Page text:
160°
Submitted by micx 391d ago | opinion piece

Games That Cost More To Make Are Worse — Just How?

EGMR:
"AAA game development has gotten ludicrously expensive in the past few years due to the insane level of detail that gets put into them and the thousands of manhours required to fully render everything. But I’ve noticed something rather paradoxical in recent times where games that take a fortune to develop are often panned by critics or just marked off as disappointments. With that much time and effort being put into the games, aren’t they logically supposed to perform better?" (BioShock: Infinite, Culture, Grand Theft Auto V, Killzone: Shadow Fall, PC, PS Vita, PS3, PS4, Ryse: Son of Rome, Xbox 360, Xbox One)

Sako  +   391d ago
This article makes a lot of sense. I for one am mostly playing downloadable indie titles and smaller games on my PS4
xX-StolenSoul-Xx  +   391d ago
I rather enjoy indie titles, but the majority of time I'm playing the bigger games. Not all indie games are exactly unique or add many new elements, I played a few which add old elements with maybe a small twist. Mecenary Kings on the Ps4 is like an old side scroll shoot em up with a crafting twist. Super Meatboy, and Limbo were well.. a platformer with not many new elements. Fez I can't complain about it was great. Point I'm trying to make here is most indie games are not exactly unique, you have to weed through and find the diamonds. I'm excited for Transistor :)
#1.1 (Edited 391d ago ) | Agree(3) | Disagree(1) | Report | Reply
AlexDrepaul254   391d ago | Spam
xX-StolenSoul-Xx  +   391d ago
I agree, and disagree. Most AAA games i've played this gen, and last gen were gems, though I know of many games released that were not up well... great.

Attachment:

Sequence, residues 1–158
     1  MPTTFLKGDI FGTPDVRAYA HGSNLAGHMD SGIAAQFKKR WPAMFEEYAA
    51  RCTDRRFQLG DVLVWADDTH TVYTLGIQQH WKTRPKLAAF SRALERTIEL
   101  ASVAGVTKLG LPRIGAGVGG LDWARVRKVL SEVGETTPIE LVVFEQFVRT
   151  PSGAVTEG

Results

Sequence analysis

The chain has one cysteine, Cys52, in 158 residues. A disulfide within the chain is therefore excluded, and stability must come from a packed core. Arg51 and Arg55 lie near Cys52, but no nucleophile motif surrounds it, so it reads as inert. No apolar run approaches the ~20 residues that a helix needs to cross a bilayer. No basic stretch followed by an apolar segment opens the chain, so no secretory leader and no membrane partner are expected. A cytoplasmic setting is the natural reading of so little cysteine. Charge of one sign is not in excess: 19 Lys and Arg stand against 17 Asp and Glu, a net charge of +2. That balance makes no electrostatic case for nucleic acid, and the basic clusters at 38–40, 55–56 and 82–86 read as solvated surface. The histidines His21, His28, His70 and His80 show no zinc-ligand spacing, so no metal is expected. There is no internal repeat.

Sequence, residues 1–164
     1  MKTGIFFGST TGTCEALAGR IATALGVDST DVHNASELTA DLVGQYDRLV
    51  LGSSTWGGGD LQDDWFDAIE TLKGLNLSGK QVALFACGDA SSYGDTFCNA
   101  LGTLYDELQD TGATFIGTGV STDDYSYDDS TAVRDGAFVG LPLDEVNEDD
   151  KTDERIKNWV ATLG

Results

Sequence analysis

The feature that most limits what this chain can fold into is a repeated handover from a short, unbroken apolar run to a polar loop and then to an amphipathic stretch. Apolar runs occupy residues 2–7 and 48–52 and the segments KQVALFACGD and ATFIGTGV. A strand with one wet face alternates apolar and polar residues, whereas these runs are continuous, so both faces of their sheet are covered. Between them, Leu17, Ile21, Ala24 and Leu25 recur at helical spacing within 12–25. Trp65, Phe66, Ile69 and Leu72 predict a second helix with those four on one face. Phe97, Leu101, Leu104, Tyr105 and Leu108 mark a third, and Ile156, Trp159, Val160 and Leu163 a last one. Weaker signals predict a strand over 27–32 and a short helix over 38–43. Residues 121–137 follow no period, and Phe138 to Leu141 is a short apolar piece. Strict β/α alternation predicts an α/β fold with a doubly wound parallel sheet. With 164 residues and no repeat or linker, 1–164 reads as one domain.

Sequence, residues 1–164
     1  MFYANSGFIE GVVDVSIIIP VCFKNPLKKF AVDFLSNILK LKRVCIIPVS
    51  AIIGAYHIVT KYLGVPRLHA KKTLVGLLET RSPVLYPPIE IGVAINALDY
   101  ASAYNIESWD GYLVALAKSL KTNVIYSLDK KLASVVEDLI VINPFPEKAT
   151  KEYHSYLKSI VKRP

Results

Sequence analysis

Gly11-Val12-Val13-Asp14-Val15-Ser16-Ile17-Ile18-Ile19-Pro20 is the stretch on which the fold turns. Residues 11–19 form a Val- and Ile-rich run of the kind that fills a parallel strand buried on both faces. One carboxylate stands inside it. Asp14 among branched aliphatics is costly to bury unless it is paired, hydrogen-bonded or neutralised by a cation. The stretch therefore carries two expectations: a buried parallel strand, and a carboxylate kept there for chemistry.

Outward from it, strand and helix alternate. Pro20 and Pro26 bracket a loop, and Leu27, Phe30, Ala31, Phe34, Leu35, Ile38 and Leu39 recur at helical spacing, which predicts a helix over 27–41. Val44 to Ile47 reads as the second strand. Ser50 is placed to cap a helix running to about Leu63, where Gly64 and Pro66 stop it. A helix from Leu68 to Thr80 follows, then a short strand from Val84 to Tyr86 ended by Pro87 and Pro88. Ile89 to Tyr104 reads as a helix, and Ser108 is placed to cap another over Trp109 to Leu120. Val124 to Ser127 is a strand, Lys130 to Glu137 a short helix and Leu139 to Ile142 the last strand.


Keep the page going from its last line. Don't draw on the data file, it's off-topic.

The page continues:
The cost of the game does not make it better, or worse, the direction of it makes all the difference. Sure you can put all of your budget into making the graphics the best it can or you can spread your budget out and make sure the gameplay is intact, and add a little bit of diversity do something new and unique.
I would say that most developers would want to play it safe when releasing a AAA title as the author of this mentioned, games like GTA V, and Bioshock were expensive to make and did controversial ideas, did not fully play it safe, both of those games did something new. Bioshocks amazing power features along with zipline was amazing, and GTA V with it's multiplayer and of course controversial single player missions.

In the movie industry big budgets don't even mean the movie will be great aswell, Spiderman 3 was one of the most expensive movies to make and it was nothing but horrible in many aspects.
dead_pixels  +   391d ago
Nice read, and I couldn't agree more. The "play it safe" approach to game development has been what's keeping the industry so painfully stagnant over the past generation. In a time when bleeding-edge graphics and immeasurable triangles matter more to investors than fresh IP and creativity, very seldom do publishers and developers rock the boat in fear of being the next Free Radical or THQ.

The video games industry is at a tipping point, and unless something happens to radically change the way games are developed, we'll be stuck playing the same games year in and out or facing another video game crash.
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ILive  +   391d ago
But the thing is: how does anyone want gameplay to evolve, really. I'm not sure that there are ideas that haven't been scratched yet. Even if there are ideas, they would still be based on the core mechanics that have been around for years. But, really, gameplay is what the complaints are about, right, the lack of innovation in that department? All games are derivative, even the Indy ones that everyone is buzzing about. So, therefore, all games are repetitve. Its just up to developvers to take their ideas and try and make it has engaging as possible, being that the core mechanics of the gameplay is derived. Visuals will always help with immersion. Movies have been like this for quite sometime.
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dead_pixels  +   391d ago